02 May 2018

Doctors Without Borders (MSF) recently distributed 550 hygiene kits with items such as soap, toothbrushes, shampoo and water containers to families who have returned to Mosul’s old city.

Samira Loulidi, MSF’s Field Coordinator in Mosul said the living conditions for families returning to the old city were extremely challenging and people lacked basic items.

“Mosul’s old town was the hardest hit during the conflict. The area experienced intense shelling, aerial bombing and attacks with explosive devices. Much of the area is still in ruins,” she said.

“It’s estimated there are between 5,000 and 7,000 people who have returned to Mosul’s old city. Many families are living in damaged homes without water, electricity and with very little access to healthcare. People often cannot afford to buy basic items such as soap and shampoo. The conditions are appalling.”

“The hygiene kits MSF recently distributed will help families stay clean, maintain their dignity and prevent the spread of diseases. The distribution was part of our ongoing medical activities in Mosul. MSF currently runs a hospital in the west of the city, and a post-operative care and surgery facility for war-wounded in east Mosul.”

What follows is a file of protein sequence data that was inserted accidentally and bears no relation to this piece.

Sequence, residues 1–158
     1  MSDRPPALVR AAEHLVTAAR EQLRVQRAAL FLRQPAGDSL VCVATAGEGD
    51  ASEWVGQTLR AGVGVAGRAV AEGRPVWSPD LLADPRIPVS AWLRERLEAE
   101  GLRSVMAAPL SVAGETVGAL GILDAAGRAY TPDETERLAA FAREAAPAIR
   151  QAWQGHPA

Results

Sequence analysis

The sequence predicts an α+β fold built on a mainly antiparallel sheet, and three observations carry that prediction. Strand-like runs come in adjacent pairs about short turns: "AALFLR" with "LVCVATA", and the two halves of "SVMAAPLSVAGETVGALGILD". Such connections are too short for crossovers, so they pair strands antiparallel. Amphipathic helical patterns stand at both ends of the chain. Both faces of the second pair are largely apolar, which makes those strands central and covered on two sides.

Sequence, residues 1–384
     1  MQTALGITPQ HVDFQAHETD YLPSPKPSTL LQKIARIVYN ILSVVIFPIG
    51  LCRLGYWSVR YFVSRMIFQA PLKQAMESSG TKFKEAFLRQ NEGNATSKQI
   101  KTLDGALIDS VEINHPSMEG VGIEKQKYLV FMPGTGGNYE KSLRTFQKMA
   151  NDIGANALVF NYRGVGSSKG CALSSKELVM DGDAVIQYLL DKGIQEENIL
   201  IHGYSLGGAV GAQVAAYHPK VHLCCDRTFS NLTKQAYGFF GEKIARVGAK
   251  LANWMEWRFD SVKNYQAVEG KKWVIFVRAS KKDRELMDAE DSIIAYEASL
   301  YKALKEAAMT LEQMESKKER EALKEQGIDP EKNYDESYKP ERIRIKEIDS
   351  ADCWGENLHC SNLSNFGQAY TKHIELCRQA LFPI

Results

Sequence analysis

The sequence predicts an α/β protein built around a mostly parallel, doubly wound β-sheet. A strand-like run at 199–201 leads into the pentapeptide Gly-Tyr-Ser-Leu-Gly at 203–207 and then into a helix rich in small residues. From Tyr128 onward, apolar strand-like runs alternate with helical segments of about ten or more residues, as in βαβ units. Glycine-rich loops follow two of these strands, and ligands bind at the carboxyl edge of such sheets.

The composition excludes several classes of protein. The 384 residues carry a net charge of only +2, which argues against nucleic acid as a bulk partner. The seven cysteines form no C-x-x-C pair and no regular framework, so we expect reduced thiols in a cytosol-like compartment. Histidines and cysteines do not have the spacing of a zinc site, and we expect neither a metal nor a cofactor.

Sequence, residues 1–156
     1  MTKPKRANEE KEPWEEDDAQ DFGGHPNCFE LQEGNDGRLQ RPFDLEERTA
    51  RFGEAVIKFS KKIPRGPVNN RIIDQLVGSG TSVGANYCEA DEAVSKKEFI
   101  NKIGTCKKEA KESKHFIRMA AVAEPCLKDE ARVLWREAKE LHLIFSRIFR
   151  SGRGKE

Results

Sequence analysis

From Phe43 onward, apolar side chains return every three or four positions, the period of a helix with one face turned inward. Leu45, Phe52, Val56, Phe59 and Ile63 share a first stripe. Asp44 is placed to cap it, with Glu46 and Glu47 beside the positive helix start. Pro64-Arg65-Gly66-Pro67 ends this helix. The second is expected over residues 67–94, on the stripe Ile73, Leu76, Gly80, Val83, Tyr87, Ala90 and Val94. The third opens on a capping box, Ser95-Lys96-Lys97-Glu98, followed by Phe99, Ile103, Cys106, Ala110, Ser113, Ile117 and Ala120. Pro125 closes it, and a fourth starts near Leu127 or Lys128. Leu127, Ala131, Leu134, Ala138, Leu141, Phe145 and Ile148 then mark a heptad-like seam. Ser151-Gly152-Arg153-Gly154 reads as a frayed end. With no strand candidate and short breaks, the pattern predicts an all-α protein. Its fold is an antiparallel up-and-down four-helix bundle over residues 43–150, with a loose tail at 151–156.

In 2017, MSF worked in and around Mosul to provide lifesaving services for people caught in the violence. The organisation ran several trauma stabilisation posts in East and West Mosul, and managed four projects in hospitals offering a range of services including emergency and intensive care, surgery and maternal healthcare.

Iraq, Hygiene
Hygiene kits distributed by MSF included items such as soap, toothbrushes, towels and water containers. Photo by: Sacha Myers/MSF

MSF has been working in Iraq since 1991 and currently has medical projects in eight governorates. From July to December 2017, MSF provided 28,658 emergency room consultations and performed almost 2,000 surgeries.

MSF offers neutral and impartial medical assistance regardless of race, religion, gender or political affiliation. To ensure its independence, MSF does not accept funding from any government or international agency for its programs in Iraq, relying solely on private donations from the general public around the world to carry out its work. 

Find out more about MSF's work in Iraq